The gospel offers three concrete examples of this unlimited and strong love:  “the slap”, “the cloak”, and “the loan”.  These are only three selected examples to show how one ought to live in the concrete and everyday love of one’s enemy.  In front of the most aggressive and unjust actions, the Christian never acts with violence, nor renounces the logic of gratuitous giving without limits in favor of others.  Jesus, finally, adds an ultimate characteristic of this love.  It ought not to be limited to the small circle of those “that love us”, thus this would be to follow the style of “sinners”, “that love those who love them”, based in the logic of interchange:  to give to receive (v. 32-34).  Whoever acts in this way is generous only in appearance; in reality, it has no merit, because it only is realized for one’s own personal interest.

            In the 35th verse all of the anterior themes are resumed in a beautiful synthesis that is like the definition of being Christian:  “Instead, love your enemies and do good, and lend without any hope of return.  You will have a great reward, and you will be sons of the Most High, for he himself is kind to the ungrateful and the wicked”.  And so we connect with the second fundamental principle:  Be compassionate as your Father is compassionate” (v. 36).  Now the model is infinite:  the love of God.  Only through this “imitation” of God do we become his sons (v. 35:  “you will be sons of the Most High”).  For Luke, merciful love is in the image of the Father, it is the unifying principle of all Christian existence.  It is the fundamental part of the biblical creed, the affirmation of God as “loving and merciful God, slow to anger and rich in love and fidelity” (Ex 34,6).  The disciple of Jesus assumes this very condition of God when, like Him, he manifests compassion and tenderness, efficacious love and fidelity toward others.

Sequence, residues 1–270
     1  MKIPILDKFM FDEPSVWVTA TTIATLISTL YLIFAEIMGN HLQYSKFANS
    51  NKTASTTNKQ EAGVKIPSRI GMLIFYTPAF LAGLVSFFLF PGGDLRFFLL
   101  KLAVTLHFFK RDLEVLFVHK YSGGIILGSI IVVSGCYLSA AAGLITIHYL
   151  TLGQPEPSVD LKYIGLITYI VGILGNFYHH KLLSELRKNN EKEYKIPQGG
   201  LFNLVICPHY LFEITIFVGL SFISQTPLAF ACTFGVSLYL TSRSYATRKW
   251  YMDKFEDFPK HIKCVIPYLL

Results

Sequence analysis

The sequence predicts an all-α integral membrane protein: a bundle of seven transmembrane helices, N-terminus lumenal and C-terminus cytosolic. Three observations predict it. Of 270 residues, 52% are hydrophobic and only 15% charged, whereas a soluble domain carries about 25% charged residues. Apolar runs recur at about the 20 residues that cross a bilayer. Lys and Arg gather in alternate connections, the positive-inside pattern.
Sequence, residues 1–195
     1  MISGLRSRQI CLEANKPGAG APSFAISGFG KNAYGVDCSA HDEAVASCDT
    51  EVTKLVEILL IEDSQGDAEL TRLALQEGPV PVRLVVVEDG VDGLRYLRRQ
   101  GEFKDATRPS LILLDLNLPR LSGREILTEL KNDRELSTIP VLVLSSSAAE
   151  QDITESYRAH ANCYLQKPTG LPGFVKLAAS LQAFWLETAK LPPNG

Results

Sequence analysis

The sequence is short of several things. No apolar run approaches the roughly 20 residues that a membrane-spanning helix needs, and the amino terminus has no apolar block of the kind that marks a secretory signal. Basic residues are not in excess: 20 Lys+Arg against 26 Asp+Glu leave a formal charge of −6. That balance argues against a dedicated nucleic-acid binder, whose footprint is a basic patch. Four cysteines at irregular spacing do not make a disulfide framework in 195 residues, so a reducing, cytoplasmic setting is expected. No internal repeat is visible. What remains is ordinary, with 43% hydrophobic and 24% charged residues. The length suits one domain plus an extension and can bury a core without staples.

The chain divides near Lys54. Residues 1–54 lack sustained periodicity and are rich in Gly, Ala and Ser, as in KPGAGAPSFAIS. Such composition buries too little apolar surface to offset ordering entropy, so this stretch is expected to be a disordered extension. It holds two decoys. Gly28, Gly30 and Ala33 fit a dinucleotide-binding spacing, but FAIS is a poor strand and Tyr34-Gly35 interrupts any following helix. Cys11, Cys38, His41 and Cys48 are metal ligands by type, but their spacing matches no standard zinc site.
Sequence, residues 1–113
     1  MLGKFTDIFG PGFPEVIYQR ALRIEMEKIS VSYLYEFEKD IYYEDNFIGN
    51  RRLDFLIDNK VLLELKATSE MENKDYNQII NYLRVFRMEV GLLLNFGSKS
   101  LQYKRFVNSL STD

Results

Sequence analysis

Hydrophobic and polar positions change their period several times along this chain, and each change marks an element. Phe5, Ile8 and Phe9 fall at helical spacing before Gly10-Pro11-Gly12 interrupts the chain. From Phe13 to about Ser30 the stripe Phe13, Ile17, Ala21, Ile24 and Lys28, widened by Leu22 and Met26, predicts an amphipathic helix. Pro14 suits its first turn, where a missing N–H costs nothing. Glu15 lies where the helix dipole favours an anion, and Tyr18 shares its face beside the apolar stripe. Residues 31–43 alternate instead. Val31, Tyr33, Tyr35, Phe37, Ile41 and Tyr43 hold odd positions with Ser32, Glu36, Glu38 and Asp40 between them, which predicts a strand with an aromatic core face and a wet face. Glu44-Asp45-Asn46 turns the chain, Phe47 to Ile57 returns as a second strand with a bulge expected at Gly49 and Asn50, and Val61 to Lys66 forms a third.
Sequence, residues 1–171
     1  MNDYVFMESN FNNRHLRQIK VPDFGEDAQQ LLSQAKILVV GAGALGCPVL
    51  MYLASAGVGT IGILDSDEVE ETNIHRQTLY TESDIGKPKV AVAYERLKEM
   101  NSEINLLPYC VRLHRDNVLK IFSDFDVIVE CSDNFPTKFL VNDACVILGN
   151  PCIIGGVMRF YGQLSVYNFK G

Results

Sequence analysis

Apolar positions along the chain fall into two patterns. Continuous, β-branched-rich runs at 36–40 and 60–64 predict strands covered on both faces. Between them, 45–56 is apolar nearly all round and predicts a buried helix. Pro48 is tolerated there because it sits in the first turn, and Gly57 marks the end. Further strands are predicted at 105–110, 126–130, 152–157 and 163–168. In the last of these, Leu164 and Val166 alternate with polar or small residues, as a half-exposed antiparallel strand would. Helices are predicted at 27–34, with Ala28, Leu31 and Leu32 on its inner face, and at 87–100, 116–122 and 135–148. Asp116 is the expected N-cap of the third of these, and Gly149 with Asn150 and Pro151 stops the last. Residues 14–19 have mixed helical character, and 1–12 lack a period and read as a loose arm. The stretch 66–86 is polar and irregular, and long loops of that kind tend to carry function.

The text closes with two exhortations of Jesus that express the merciful attitude that every Christian ought to have.  The first is:  “Do not judge…do not condemn”.  Here that which Jesus prohibits is not the discernment of that which is good or bad, but rather criticism and condemnation of others, that manifest the condition of superiority of whoever judges the person who is judged.  And not only this, to judge and to condemn is to place oneself in the place of God, who is the only one who knows the heart, while man or woman sees only appearances (1 Sam 16,7).  The second exhortation is “grant pardon, and you will be pardoned”.  To the first part which is negative, a second positive part is added:  Christian pardon, unlimited and full of mercy that recalls another sentence of Jesus:  “If your brother does something wrong, rebuke him and, if he is sorry, forgive him.  And if he wrongs you seven times a day and seven times come back to you and says, ‘I am sorry,’ you must forgive him” (Lk 17,3-4).

            To underline the decisive importance of these attitudes, Jesus places his audience in an eschatological moment, when we all will compare ourselves before God.  The secret to not being judged, nor condemned, and at the same time, to receive mercy, is to have it for others.  In other words, the only possibility that man and woman have to avoid condemnation from God and to be chosen with mercy, is to abstain from judging and condemning one’s brother or sister and to always pardon them.  The destiny of the disciple is decided each day on the basis of mercy.  “In the evening of life you will be judged on love” (St. John of the Cross).